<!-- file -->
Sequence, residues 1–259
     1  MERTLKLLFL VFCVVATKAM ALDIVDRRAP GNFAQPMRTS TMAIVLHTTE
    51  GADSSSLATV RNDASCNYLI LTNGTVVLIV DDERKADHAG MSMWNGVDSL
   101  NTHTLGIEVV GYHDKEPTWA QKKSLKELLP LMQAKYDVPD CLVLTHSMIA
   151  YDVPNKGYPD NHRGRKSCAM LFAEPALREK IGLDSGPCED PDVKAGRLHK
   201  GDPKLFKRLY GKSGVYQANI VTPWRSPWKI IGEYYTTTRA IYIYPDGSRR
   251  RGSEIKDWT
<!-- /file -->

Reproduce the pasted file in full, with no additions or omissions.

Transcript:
Sequence, residues 1–259
     1  MERTLKLLFL VFCVVATKAM ALDIVDRRAP GNFAQPMRTS TMAIVLHTTE
    51  GADSSSLATV RNDASCNYLI LTNGTVVLIV DDERKADHAG MSMWNGVDSL
   101  NTHTLGIEVV GYHDKEPTWA QKKSLKELLP LMQAKYDVPD CLVLTHSMIA
   151  YDVPNKGYPD NHRGRKSCAM LFAEPALREK IGLDSGPCED PDVKAGRLHK
   201  GDPKLFKRLY GKSGVYQANI VTPWRSPWKI IGEYYTTTRA IYIYPDGSRR
   251  RGSEIKDWT